Russia's leading AIDS expert says the number of Russians infected with the HIV virus that causes AIDS has increased nearly 10-fold during the past three years.
The head of the Russian government's program to fight HIV/AIDS, Vadim Pokrovsky, says experts in his department estimate that, within a few years, deaths from AIDS in Russia may become as numerous and commonplace as those from car accidents.
Experts have long said that Russia has one of the world's fastest growing infection rates, fueled mainly by drug abuse and sharing dirty needles.
Mr. Pokrovsky says advances have been made in acknowledging that there is a real problem with AIDS in Russia. But he says the government's prevention efforts still fall well below what is needed to make a real impact in halting the spread of the disease.
Mr. Pokrovsky says the annual budget for this year's federal anti-AIDS program is 27 million rubles, or less than $1 million. He says that if you divide this sum by Russia's population, you will find that the average Russian citizen gets not even one ruble.
At the current rate of international exchange, 29 rubles equals $1.
Mr. Pokrovsky also expresses concern that Russia's lack of adequate testing and registration leads to a gap in real reporting of those infected with HIV, or AIDS. He says he fears that in the next five years, Russia may face an AIDS pandemic, with hundreds of thousands of people becoming infected and dying.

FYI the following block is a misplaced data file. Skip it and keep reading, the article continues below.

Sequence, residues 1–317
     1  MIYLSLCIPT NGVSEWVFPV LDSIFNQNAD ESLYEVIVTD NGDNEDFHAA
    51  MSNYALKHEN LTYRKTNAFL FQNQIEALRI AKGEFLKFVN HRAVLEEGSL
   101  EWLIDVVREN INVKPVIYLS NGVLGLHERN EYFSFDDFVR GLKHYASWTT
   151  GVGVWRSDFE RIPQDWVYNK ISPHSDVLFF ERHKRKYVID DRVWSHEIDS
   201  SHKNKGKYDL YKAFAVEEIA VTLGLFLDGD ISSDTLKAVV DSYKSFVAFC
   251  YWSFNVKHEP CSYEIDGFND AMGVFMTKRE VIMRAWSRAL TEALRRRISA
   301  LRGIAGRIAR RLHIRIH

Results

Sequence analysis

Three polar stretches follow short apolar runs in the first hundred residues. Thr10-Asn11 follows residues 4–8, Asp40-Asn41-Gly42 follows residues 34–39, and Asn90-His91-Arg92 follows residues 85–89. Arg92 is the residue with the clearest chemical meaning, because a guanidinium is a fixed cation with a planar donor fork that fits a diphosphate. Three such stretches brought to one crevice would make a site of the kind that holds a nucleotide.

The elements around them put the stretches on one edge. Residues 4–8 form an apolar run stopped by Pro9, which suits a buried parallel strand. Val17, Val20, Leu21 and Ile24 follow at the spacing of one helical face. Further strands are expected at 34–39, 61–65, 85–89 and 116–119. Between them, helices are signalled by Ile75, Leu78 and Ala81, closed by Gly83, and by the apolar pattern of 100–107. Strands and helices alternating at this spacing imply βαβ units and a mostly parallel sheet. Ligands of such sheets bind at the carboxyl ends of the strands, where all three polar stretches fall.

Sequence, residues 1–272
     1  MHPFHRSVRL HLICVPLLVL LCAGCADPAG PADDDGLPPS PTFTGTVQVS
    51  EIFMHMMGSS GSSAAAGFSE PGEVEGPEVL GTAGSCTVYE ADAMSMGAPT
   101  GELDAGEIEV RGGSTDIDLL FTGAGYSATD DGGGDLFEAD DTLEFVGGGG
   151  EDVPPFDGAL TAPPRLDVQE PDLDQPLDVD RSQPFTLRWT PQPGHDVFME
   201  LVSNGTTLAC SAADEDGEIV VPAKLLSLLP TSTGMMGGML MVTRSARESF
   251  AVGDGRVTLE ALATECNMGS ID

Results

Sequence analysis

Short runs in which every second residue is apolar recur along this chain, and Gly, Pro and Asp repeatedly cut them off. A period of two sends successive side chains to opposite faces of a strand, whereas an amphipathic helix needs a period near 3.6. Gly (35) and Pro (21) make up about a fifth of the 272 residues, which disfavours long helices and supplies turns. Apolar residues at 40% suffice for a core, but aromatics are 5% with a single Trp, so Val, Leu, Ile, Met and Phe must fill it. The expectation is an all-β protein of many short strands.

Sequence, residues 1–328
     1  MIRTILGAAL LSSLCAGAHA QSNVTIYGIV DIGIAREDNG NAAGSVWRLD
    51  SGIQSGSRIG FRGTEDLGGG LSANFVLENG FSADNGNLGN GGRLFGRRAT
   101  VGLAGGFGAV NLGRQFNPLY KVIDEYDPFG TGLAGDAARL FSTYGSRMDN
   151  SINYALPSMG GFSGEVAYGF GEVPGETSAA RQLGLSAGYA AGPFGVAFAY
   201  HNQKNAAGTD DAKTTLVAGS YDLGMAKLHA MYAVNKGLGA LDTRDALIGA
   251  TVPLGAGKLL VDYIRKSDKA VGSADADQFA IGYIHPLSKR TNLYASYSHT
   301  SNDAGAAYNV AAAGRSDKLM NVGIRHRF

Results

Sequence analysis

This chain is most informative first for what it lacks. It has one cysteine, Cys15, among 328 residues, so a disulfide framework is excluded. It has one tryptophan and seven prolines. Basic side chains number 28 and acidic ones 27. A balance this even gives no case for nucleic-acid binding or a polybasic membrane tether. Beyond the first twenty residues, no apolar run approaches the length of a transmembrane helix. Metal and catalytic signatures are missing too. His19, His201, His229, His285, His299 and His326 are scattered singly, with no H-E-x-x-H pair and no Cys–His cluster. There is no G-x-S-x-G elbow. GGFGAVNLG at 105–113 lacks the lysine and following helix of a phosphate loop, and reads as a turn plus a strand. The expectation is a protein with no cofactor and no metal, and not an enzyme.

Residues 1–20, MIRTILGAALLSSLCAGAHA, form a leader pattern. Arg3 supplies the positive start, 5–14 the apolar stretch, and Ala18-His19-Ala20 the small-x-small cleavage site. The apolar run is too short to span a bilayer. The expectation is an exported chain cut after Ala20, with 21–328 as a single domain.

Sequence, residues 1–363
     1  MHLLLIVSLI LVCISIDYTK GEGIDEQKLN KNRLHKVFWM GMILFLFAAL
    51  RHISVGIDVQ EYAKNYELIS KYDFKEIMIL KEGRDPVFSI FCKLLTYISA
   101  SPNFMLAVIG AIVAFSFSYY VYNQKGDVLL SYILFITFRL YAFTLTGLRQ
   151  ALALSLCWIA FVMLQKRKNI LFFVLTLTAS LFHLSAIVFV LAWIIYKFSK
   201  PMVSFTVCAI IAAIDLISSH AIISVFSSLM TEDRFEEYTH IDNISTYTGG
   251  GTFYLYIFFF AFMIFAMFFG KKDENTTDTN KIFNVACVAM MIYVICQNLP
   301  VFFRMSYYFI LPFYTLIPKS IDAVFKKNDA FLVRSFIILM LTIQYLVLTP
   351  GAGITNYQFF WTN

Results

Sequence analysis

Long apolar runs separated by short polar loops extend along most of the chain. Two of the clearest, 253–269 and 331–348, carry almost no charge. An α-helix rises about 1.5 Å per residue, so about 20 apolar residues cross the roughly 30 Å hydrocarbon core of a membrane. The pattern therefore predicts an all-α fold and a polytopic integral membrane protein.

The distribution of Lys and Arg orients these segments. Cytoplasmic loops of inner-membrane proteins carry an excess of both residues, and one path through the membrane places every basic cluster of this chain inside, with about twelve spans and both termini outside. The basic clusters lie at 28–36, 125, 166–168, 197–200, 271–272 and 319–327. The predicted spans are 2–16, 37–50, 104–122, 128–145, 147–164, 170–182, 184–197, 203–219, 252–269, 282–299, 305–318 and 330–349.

The United Nations has forecast that Russia could lose up to half its population from AIDS by 2050, an estimated 72 million people.
Cases of AIDS have been registered in nearly all regions of Russia, but the worst affected region has been the capital, Moscow, and its environs. Close behind is St. Petersburg and some regions in Siberia.
The Russian Federation's head sanitary doctor, Gennady Onishenko, told reporters in Moscow recently that Russia's youth have been especially hard hit.
According to Mr. Onishenko, 62 percent of all newly infected Russian citizens are between 20 and 30 years old.
In addition, he says, 32 percent of the newly infected are young women. This, in turn, causes problems during childbirth, with the mother transferring the infection to her newborn 30 percent of the time.
Russia also has 36,000 HIV-infected inmates in prisons that are notoriously overcrowded and under-funded - conditions ripe for further spread of the disease.